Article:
But despite Amy’s balls-to-the-wall bat-shit craziness, she has some pretty astute observations, such as the oft-quoted-at-least-on-Tumblr section about the myth of the “Cool Girl.”

Being the Cool Girl means I am a hot, brilliant, funny woman who adores football, poker, dirty jokes, and burping, who plays video games, drinks cheap beer, loves threesomes and anal sex, and jams hot dogs and hamburgers into her mouth like she’s hosting the world’s biggest culinary gang bang while somehow maintaining a size 2, because Cool Girls are above all hot. Hot and understanding. Cool Girls never get angry; they only smile in a chagrined, loving manner and let their men do whatever they want. Go ahead, shit on me, I don’t mind, I’m the Cool Girl.

Men actually think this girl exists. Maybe they’re fooled because so many women are willing to pretend to be this girl. For a long time, Cool Girls offended me. I used to see men–friends, coworkers, strangers–giddy over these awful pretender women, and I’d want to sit these men down and calmly say: You are not dating a woman, you are dating a woman who has watched too many movies written by socially awkward men who’d like to believe that this kind of woman exists and might kiss them. I’d want to grab the poor guy by his lapels or messenger bag and say: The bitch doesn’t really love chili dogs that much–no one loves chili dogs that much! And the Cool Girls are even more pathetic: They’re not even pretending to be the woman they want to be, they’re pretending to be the woman a man wants them to be. Oh, and if you’re not a Cool Girl, I beg you not to believe that your man doesn’t want the Cool Girl. It may be a slightly different version–maybe he’s a vegetarian, so Cool Girl loves seitan and is great with dogs; or maybe he’s a hipster artist, so Cool Girl is a tattooed, bespectacled nerd who loves comics. There are variations to the window dressing, but believe me, he wants Cool Girl, who is basically the girl who likes every fucking thing he likes and doesn’t ever complain.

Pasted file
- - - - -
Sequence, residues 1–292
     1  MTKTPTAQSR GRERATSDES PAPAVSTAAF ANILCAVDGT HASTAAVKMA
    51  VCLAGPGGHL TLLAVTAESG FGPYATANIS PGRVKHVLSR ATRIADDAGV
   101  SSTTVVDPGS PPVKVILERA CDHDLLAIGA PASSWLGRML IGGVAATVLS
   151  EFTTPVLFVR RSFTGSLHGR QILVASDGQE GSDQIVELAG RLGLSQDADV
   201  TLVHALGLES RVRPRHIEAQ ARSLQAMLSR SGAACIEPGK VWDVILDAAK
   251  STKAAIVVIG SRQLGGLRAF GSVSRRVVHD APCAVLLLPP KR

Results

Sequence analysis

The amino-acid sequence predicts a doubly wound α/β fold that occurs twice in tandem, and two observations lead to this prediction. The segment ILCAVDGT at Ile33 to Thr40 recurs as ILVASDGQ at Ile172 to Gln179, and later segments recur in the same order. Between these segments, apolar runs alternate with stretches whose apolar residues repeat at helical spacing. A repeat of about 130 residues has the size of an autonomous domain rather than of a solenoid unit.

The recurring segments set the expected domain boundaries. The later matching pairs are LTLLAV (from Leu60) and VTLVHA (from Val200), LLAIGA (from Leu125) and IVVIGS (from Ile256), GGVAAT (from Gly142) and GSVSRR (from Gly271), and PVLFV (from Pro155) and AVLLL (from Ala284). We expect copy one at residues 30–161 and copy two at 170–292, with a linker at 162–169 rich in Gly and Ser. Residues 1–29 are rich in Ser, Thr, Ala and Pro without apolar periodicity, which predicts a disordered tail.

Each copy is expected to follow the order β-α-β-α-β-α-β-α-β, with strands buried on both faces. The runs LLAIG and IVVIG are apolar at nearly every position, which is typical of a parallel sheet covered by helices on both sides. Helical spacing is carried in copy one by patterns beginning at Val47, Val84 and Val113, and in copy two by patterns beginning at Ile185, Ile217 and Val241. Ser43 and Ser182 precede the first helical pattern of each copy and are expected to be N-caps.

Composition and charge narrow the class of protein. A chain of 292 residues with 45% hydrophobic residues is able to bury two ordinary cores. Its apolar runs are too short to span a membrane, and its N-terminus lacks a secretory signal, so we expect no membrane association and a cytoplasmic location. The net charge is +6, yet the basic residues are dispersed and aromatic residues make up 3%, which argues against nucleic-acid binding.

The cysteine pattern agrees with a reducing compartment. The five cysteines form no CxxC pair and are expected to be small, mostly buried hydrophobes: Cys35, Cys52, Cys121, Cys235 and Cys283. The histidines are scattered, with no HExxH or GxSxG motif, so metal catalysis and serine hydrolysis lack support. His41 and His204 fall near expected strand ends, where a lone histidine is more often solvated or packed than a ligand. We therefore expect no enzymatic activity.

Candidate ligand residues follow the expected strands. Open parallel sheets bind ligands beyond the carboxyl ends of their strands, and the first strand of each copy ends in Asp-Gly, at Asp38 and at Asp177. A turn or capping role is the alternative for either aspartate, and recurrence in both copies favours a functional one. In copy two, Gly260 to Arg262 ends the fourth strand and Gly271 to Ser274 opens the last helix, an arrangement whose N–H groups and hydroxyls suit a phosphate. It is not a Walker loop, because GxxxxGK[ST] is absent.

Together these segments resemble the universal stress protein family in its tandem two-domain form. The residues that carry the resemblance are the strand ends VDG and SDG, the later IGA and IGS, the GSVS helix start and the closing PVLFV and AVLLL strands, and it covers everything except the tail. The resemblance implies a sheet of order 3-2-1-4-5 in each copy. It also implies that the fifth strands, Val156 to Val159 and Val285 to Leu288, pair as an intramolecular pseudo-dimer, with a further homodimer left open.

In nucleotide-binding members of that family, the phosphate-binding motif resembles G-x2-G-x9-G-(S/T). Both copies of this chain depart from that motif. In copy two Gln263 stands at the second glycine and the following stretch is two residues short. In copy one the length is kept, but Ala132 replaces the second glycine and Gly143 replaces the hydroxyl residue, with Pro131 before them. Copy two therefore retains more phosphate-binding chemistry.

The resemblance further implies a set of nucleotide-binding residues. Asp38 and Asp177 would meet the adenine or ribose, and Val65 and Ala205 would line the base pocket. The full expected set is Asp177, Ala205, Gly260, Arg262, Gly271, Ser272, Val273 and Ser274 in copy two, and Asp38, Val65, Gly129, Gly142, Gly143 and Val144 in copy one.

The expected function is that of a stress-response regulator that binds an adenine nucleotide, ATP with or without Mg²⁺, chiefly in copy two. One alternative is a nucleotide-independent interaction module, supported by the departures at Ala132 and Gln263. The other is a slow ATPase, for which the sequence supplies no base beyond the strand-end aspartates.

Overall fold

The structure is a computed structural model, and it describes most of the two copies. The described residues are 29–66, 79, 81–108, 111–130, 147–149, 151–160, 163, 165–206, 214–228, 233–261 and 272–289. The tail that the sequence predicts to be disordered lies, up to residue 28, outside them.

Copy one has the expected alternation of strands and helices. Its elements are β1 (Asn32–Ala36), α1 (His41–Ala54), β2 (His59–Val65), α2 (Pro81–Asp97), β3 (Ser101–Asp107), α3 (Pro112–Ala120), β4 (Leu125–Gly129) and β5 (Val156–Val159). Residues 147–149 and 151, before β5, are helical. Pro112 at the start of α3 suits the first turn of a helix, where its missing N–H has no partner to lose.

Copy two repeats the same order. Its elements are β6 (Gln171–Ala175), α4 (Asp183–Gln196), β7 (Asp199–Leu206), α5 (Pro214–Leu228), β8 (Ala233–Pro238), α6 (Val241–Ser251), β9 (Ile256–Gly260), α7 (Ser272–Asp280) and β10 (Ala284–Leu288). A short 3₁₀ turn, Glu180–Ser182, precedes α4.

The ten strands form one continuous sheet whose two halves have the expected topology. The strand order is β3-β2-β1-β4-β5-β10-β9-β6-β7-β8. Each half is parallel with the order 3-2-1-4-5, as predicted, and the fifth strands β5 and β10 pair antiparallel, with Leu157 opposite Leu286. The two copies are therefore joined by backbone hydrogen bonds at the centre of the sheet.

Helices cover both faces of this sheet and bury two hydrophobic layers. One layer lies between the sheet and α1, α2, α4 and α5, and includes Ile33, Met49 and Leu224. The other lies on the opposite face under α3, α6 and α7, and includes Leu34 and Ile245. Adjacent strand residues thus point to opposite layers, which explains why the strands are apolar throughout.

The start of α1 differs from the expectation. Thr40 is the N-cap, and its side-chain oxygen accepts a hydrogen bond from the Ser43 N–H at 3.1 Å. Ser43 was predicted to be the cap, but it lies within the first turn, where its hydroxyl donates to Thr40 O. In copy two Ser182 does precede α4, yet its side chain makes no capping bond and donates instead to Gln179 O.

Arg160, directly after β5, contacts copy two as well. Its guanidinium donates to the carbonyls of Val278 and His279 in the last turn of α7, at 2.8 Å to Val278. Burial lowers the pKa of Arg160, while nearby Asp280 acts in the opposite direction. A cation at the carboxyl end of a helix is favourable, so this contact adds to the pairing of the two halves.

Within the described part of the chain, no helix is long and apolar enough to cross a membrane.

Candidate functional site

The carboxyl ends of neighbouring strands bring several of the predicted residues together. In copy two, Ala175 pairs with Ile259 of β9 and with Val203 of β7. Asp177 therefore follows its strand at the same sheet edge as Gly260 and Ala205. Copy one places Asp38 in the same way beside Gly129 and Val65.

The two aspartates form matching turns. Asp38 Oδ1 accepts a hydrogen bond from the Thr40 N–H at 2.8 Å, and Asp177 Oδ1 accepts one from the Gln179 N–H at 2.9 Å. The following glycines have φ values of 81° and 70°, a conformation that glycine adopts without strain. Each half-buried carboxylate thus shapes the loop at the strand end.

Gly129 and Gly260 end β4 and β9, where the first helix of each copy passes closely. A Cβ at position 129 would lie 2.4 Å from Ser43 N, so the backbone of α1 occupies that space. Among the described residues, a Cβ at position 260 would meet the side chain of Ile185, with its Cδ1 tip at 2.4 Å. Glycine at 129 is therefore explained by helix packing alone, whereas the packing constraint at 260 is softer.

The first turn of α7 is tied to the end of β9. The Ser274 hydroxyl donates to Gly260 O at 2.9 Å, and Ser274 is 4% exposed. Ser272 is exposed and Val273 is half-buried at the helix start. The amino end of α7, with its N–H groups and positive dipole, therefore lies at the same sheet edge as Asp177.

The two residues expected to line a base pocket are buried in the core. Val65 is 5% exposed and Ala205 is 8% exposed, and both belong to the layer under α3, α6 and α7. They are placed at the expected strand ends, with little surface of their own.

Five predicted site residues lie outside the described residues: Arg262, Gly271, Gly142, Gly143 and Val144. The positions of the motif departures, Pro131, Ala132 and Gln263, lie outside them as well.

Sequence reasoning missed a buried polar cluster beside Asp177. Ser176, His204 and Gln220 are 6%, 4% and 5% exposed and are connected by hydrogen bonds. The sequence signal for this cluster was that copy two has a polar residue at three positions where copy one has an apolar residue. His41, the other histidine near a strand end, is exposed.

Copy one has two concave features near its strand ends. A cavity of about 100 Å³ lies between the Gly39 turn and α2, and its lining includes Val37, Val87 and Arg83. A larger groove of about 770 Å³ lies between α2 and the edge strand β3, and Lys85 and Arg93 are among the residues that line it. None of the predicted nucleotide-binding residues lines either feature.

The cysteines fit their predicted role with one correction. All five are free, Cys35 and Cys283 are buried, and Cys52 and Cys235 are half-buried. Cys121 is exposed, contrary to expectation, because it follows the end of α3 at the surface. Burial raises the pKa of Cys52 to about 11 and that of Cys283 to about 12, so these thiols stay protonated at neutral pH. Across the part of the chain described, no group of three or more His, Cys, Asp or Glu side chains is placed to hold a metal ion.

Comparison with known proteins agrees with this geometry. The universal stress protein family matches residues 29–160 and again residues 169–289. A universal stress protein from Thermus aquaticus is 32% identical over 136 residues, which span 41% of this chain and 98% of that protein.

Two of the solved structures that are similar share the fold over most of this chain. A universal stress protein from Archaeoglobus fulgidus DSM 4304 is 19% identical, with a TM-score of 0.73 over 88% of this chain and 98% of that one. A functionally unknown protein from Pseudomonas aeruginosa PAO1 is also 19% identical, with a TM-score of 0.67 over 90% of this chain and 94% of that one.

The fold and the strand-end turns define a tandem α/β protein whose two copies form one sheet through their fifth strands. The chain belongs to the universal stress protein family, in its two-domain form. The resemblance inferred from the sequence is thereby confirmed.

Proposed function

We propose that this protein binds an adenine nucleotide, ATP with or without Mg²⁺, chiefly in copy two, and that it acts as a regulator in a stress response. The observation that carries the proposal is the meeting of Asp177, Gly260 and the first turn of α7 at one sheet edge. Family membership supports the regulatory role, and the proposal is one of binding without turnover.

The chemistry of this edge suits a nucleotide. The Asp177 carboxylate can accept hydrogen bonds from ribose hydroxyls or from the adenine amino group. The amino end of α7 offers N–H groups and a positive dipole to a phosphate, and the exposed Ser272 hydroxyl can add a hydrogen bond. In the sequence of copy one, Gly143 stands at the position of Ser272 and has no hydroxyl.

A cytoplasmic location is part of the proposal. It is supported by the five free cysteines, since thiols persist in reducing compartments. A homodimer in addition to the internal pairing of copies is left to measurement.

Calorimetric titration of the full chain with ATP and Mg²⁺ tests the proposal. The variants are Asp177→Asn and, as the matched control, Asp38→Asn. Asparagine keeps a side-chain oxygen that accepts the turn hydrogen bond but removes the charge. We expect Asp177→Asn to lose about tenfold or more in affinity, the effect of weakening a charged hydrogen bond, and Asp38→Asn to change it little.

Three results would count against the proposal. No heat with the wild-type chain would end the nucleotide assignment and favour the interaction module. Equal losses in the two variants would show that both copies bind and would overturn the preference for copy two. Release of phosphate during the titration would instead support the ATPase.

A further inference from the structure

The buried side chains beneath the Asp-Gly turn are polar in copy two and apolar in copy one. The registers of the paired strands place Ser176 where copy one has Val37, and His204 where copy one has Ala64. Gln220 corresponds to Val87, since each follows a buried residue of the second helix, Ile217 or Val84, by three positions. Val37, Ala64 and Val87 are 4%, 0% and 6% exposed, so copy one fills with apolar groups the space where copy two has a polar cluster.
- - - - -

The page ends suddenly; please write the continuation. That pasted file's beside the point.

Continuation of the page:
Bam. I mean, truth, guys. What woman (at least in America) reads that and doesn’t feel a little sick to her stomach because she has tried to be the Cool Girl at least once in her life (probably during college, thanks Judd Apatow), and also at the same time a bit buoyed up because she has since given up on being the Cool Girl, the Cool Girl persona being unsustainable. And this from the mouth of a sociopath, yet it resonates in all of us.